In 2017, Google’s CEO Sundar Pichai said Google were an “AI first company”.
Fast forward to May 2019 and he announced “We are moving from a company that helps you find answers to a company that helps you get things done” following this by saying “We want our products to work harder for you in the context of your job, your home and your life.“
Ultimately, technology should enhance customer experience, and one example of this could be Smart Shopping; a feature within Google Ads designed to make your life easier, although it certainly has its pitfalls, as you’ll find out below.
The way smart shopping works is Google automates ad placements and bidding for the best possible conversion value at your given budget. The ads not only show product list ads on the search network, but also show dynamic remarketing ads on the Display Network, YouTube and Gmail.
The automated ad creation and placement means that ads will appear in the ad spaces they’re relevant to and that your bids will be set to maximise your conversion value. This is great for you as a user, providing you trust Google and their algorithms – which you should, or should at least learn to!
So for you as an advertiser, this means if you have the same product included in both a standard shopping campaign and a smart shopping campaign, the ads from the smart campaign will be eligible to serve rather than the ads from standard shopping or display remarketing campaigns. Chances are this crossover won’t happen too often, but it’s something worth noting nonetheless.
So, before you set up a smart shopping campaign, you’ll need:
- To ensure you’ve set up conversion tracking with transaction-specific values
- An active, verified conversion tracking tag to set up a smart shopping campaign
- To add a global site tag to your website (although you should already have this done!)
- Have a remarketing list of at least 100 active users associated with your account for smart shopping to get off the ground.
Now for the really cool and clever stuff: what’s great is that if the user has previously visited and shown interest in products on your site, your product feed will be used to automatically create a relevant ad. From a Google search perspective, a user’s search queries and predicted intent is used to determine which product from your feed should be shown, while on the Display Network, ads are personalised based on user engagement with your website. All this without you having to do much at all in terms of campaign and ad group creation!
Smart shopping campaigns were launched at the beginning of May this year and it is still too early to say if they would outperform regular shopping campaigns, and we’ve seen a mixed bag in terms of results across a range of accounts, however, there are a few bugbears that we’ve spotted with them. Here’s some of the most annoying features about this new feature, mainly things that aren’t available in Smart Shopping campaigns:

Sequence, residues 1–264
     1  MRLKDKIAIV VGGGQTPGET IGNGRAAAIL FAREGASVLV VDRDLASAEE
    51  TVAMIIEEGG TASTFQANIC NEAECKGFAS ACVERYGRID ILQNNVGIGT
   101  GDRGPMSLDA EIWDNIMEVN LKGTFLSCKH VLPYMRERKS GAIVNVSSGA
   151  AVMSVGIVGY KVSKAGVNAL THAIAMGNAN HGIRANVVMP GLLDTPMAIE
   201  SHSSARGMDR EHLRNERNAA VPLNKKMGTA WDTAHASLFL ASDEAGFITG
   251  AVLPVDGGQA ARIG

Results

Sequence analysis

Negative keywords are not available:
Google argues that the products shown from the searches are relevant, and their AI wouldn’t enter the user into that specific auction if it didn’t think the user was interested in that product/likely to convert. Like me, I dare say most advertisers won’t be best pleased that lack of control you have over what search terms you do and don’t trigger for.
Location targeting is not available:
In fact, all you can do is set the country of sale, but you can’t target a specific region or exclude a city. Whilst this may well change in the future, it’s not great for geographical quality control. It’s almost like Google are trying to annoy users.
Device targeting and bid adjustments are not available:
Much like the last point, you aren’t able to control bids specifically at device level. This is something that can prove to be extremely valuable in standard campaigns within Google Ads, however, this distinct lack of optimisation opportunity for the advertiser certainly leaves a lot to be desired, again on the control front.
Audience targeting is not available:
As featured earlier, an advertiser must have at least one audience list with 100 users, however, you can’t decide which audience to use when it comes to targeting. Instead, Google will choose this automatically based on its machine learning algorithm. So if you have a cart abandoners audience that would be extremely useful, but also have a highly targeted page specific meets operating system audience, which one would Google pick? Who knows. Well, Google do.
Whilst there are some amazing smart bidding strategies and campaigns coming from Google, Smart Shopping may now be a step too far for many advertisers, especially when it comes to what you can and can’t control. Smart Shopping is essentially you giving Google full control of what it does with your budget and the results it gets. A slightly more controlled environment, while still featuring automated bidding strategies, would be a campaign with a target ROAS or target CPA bid strategy in place. This way you give Google your return or cost per acquisition target, but can still control the structure, time of day breakdown, locations you target in more detail and the audiences that are included and targeted. Equally, you can control the STQR to exclude certain search terms you know will never be relevant and therefore should be excluded and added as negative keywords.
To summarise, smart shopping campaigns are like driverless cars, a great idea, but in reality, they still need a bit of work and ultimately the user prefers being in control in the driving seat, for now anyway.